|PATOS ISLAND LIGHTSTATION|
San Juan Archipelago, WA.
Photo by Corbett, undated.
Original from the archives of the S.P.H.S.©
Click image to enlarge.
Day Thirteen of 100 Days in the San Juans
June Burn. The Seattle Post-Intelligencer July 1946.
On Patos, we found the sweetest graveled beach and sheltered cove and sleeping plateau we've ever had in all our camping years. The beach fell away sharply so that the boat hadn't such an easy chance to go aground as it had on Skipjack last Friday night. Above the beach on a jutting point that overlooked Orcas and Sucia and Waldron we spread the tarp and sleeping bags in deep, soft grass. It rained during the night, pat-pat-pat, right close above our heads on the canvas––a sweet sound when you know that everything is well covered against it.
As soon as we had anchored, we found the trail up from the beach, around the point to the lighthouse. The San Juanderer looked like a big glaucous-winged gull sitting on the rich green water of Active Cove. The ubiquitous russet-back thrush kept whistling his evening song from the fir and madrona woods behind the shore.
Scrub salal forms most of the undergrowth of the forest here, with clumps of ocean spray every now and then to light the forest.
How open and grassy Alden Point where the lighthouse stands! There are two dwellings, several smaller structures, water tanks, the lighthouse at the very end of the point overlooking Boundary Pass, Canadian waters and islands, and facing Saturna Light.
Instead of the two families we expected to find, four young boys are stationed here. the CO is a 26-year-old Indian boy, William E. Moody, from Tulsa, OK; the youngest, Paul W. Haltkamp, 20, from Stockport, IA; Joseph J. Mattero, from San Francisco. Haltkamp says he has been longest––too long––at this lonely base. He has been here three months.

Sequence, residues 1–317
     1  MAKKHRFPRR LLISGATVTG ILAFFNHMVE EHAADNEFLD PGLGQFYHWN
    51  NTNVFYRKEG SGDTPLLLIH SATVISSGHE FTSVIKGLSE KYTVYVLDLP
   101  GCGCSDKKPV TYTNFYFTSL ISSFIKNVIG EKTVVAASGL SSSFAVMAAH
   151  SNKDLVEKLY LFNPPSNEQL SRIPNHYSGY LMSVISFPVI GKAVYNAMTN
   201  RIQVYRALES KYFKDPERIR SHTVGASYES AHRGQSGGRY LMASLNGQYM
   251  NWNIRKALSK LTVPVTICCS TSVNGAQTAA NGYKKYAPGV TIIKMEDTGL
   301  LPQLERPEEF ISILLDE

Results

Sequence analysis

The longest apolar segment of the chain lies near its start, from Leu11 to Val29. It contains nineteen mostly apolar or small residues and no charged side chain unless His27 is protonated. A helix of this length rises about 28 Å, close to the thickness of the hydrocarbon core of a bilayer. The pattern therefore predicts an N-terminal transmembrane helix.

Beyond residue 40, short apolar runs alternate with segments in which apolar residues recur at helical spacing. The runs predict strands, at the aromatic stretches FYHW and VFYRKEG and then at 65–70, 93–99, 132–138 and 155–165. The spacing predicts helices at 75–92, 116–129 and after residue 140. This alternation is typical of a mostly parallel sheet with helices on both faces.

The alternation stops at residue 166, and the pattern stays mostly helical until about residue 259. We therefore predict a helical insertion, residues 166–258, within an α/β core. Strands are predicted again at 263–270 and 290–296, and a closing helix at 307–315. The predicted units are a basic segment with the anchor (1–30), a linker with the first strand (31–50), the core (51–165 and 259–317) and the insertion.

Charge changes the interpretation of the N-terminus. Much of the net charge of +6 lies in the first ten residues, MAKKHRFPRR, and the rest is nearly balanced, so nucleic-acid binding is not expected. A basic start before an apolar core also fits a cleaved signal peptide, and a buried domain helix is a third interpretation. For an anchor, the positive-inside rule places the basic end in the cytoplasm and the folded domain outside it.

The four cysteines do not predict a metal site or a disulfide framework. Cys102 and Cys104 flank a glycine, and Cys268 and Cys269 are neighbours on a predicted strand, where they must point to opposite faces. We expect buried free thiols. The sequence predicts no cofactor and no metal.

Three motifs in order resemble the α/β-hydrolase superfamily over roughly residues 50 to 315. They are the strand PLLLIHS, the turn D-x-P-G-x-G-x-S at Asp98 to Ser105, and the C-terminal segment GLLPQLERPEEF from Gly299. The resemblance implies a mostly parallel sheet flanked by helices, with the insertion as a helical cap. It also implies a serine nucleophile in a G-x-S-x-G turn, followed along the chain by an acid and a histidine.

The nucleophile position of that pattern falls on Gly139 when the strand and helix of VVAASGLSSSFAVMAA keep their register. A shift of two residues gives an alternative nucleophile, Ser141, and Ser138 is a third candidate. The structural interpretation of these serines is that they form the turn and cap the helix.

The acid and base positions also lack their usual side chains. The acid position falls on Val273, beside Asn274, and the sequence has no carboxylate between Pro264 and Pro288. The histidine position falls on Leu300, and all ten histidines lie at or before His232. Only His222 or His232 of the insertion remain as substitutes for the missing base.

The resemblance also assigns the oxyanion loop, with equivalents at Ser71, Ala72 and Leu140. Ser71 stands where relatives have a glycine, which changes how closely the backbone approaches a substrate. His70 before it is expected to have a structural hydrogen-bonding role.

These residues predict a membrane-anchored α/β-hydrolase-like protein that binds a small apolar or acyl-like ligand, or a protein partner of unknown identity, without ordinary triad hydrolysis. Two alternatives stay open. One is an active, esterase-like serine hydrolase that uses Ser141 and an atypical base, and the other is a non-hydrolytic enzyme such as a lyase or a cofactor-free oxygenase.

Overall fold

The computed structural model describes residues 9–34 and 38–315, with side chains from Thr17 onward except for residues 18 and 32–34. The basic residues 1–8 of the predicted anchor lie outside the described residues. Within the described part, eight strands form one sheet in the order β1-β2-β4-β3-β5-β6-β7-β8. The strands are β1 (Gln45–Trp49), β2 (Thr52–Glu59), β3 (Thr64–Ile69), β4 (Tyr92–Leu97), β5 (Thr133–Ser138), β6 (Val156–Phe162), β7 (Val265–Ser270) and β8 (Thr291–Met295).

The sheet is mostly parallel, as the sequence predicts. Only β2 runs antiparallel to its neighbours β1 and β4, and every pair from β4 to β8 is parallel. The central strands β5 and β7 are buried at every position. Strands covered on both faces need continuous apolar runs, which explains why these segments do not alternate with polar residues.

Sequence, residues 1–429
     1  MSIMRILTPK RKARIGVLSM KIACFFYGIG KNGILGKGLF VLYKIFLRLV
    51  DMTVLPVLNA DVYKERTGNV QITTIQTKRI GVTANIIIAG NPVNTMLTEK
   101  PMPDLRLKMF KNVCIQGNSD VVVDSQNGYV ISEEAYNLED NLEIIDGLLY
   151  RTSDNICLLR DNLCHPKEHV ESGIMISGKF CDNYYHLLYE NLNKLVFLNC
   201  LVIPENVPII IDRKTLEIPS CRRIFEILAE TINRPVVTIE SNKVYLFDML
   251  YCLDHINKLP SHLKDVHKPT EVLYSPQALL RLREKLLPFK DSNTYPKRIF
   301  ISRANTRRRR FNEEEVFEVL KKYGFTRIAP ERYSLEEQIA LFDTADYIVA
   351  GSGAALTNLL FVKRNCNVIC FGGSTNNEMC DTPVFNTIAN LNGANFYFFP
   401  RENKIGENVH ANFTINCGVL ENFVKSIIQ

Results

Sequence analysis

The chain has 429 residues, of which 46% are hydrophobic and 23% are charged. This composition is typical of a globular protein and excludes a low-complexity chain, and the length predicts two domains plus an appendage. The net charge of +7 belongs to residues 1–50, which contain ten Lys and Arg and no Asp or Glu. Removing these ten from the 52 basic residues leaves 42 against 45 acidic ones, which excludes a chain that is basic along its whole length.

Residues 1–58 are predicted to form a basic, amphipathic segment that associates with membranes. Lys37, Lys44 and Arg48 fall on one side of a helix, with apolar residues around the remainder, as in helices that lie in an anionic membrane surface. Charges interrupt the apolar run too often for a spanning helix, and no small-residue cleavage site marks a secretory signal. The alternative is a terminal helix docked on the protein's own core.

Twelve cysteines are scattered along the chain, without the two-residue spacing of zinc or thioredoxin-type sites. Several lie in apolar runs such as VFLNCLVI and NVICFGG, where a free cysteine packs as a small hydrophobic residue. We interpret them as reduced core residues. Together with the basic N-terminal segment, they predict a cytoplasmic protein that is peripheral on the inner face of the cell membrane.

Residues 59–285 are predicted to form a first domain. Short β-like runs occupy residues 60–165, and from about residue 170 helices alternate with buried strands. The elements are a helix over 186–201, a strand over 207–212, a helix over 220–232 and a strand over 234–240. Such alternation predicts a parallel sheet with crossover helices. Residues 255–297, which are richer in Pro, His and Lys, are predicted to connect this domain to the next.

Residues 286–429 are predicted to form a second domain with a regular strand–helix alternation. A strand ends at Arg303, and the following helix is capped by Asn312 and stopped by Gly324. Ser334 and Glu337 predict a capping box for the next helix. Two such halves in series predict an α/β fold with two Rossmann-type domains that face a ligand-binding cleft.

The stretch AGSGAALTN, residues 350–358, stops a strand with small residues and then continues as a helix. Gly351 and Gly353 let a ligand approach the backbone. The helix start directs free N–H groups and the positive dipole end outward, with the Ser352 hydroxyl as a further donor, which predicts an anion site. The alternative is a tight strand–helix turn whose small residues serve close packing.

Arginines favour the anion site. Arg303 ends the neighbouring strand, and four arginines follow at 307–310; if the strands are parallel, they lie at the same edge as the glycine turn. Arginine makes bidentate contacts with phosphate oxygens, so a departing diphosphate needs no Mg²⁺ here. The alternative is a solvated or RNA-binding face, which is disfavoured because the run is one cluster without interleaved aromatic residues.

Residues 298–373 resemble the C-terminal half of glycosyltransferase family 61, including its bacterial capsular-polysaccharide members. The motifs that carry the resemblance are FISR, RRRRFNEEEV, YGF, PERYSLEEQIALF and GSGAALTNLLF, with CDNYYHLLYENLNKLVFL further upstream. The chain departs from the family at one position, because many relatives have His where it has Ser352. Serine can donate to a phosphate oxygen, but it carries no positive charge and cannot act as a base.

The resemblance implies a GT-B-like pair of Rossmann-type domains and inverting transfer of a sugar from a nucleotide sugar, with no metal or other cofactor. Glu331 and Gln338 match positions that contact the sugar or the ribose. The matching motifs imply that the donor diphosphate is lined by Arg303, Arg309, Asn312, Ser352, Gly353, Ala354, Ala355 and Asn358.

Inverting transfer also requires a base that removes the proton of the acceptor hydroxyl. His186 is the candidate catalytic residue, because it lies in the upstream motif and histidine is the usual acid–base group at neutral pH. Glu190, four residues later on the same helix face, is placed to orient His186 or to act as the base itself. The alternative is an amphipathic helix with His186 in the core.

The CG cutter comes once a week from Seattle bringing supplies. They are allowed 99 cents per man per day for food but from the look of this list that they sent in last week, I'd say they are out of pocket themselves now and then. Here it is: 2 lbs of cocoa, 25 lbs of sugar, 5 lbs brown sugar, 2 jars berry jam, 7 loaves white bread, 4 lbs butter, 5 gallons fresh milk, 6 dozen eggs, 5 lbs cheese, 10 lbs ice cream mix, 4 lbs hotcake flour, half a case each of peaches, pineapple, peas, canned milk, 10 lbs apples, 5 lbs oranges, 3 lbs grapefruit, 3 heads lettuce, 3 lbs carrots, 5 lbs tomatoes, 5 lbs onions, one cured ham, 5 lbs bacon, 6 lbs round steak, 5 lbs beef roast, 5 lbs hamburger.
Each boy cooks for himself, eats when he chooses, for they keep a 24-hour shift at the light, each boy serving six hours on and 12 off.
Down at the lighthouse there is a very large––oh, 6-ft high, 8-ft wide, say––double panel of dials, clocks, levers, lights and other mysterious gadgets. But the main business seems to be transacted over the radio telephone. We heard them tune in to that and the results were as funny and unintelligible as the tobacco auctioneer's jargon.
At the end of the complicated rigmarole we learn that our old friend; Commander Zeusler, now Rear Admiral Zeusler, coast guard commander, 13th Naval District, is on terminal leave and Capt. A.M. Martinson is taking his place for peacetime duty in these waters.
We thought how strange to get the news of Admiral Zeusler's retirement like this! (Professor Thompson, did you know it? You went to Alaska on what was then Commander Zeusler's ship and here he is an admiral and on terminal leave, that must mean retirement.) Well, well, visit far-away lighthouses and keep up with your neighbors.
See you tomorrow. June.
A post on the author Helene Glidden and the book of her childhood on Patos Island can be seen here.